2. I'm doing the speed limit on Willow Road Menlo Park when a motorist hooks me, sending me flying over the handlebars and over her car (I landed on my feet). The motorist jumps out of her car and tells me I shouldn't be going so fast and blames me for the 'accident', although she's the one driving recklessly. I didn't even bother calling the police on that one. The big dent on her trunk made it even in my book.

  4. I should add there are numerous instances of bike crashes where I was at fault, but there's only one that actually involved a car (I followed too closely and rear ended him). The others are things like wiping out while taking a turn at high speed.

    Oh, there was the time I got annoyed at some loose bar tape flapping in the wind, so I yanked at the bar tape, which made my handlebar flip around. While I was moving. In a fast paceline. That one didn't end too well.

  5. Cautious my bum. Drivers cause all collisions in my book. If you have power brakes and you can't avoid a collision with a cyclist, it's your fault.


  6. Here's a link to the full report. So far, it appears that a large number of collisions involve sidewalk cyclists (30%), but as yet I can't determine if they were on sidewalks or in crosswalks. Regardless, in Toronto, sidewalk cycling is illegal which would automatically make the cyclist at fault. Now, if that's the case, there's no way that cyclists could be responsible for only 10% of collisions.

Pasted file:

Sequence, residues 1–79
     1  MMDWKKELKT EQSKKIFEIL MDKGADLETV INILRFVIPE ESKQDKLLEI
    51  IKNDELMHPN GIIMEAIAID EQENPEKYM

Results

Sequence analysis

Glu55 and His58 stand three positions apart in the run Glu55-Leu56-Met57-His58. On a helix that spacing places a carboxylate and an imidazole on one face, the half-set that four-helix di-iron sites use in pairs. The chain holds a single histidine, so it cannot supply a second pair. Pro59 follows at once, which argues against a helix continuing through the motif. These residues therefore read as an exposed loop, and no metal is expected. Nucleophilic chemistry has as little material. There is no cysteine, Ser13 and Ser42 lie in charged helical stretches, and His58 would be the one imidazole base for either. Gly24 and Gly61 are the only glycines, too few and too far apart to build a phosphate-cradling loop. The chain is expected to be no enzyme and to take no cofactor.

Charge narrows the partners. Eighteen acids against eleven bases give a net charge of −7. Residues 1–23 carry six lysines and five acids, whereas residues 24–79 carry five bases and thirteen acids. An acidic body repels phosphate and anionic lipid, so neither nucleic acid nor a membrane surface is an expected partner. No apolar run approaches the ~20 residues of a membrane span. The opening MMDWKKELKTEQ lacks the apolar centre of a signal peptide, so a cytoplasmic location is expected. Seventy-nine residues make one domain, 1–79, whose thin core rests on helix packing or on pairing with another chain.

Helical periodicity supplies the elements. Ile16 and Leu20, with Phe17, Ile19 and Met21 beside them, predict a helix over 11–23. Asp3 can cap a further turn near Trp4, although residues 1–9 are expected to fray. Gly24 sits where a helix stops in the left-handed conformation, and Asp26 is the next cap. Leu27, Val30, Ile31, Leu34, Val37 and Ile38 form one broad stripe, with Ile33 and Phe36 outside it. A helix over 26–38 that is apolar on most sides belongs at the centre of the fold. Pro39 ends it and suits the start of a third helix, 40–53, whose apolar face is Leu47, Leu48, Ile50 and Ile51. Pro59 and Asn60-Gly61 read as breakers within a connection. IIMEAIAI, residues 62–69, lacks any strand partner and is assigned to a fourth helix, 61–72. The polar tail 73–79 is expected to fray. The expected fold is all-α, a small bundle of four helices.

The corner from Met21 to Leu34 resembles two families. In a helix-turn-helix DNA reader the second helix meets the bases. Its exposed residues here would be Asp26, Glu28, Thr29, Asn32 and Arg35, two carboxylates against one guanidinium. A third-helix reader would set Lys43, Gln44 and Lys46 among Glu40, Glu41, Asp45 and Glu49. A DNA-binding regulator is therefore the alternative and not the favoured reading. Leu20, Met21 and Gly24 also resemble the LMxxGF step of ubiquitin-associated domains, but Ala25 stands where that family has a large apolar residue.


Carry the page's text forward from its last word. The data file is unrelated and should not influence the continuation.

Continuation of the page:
A quick tally of collision type table shows motorists initiated (not caused) nearly 70% of the crashes. 'Initiated' may not be the best description, but I've been skimming. Again, it doesn't jibe with the 90/10 figure.

    I recall reading another study that showed a 55/45 split, if I recall right, and given normal human behavior, I'd have greater confidence in those figures.

    Here's that study. Oh, joy. More stuff to read.

  7. I couldn't find the actual 10% study ... The link above goes to a 2003 report. Doubt that's what he's referencing. Anybody got the current study?

  8. I think the problem is the same one as motorcycling.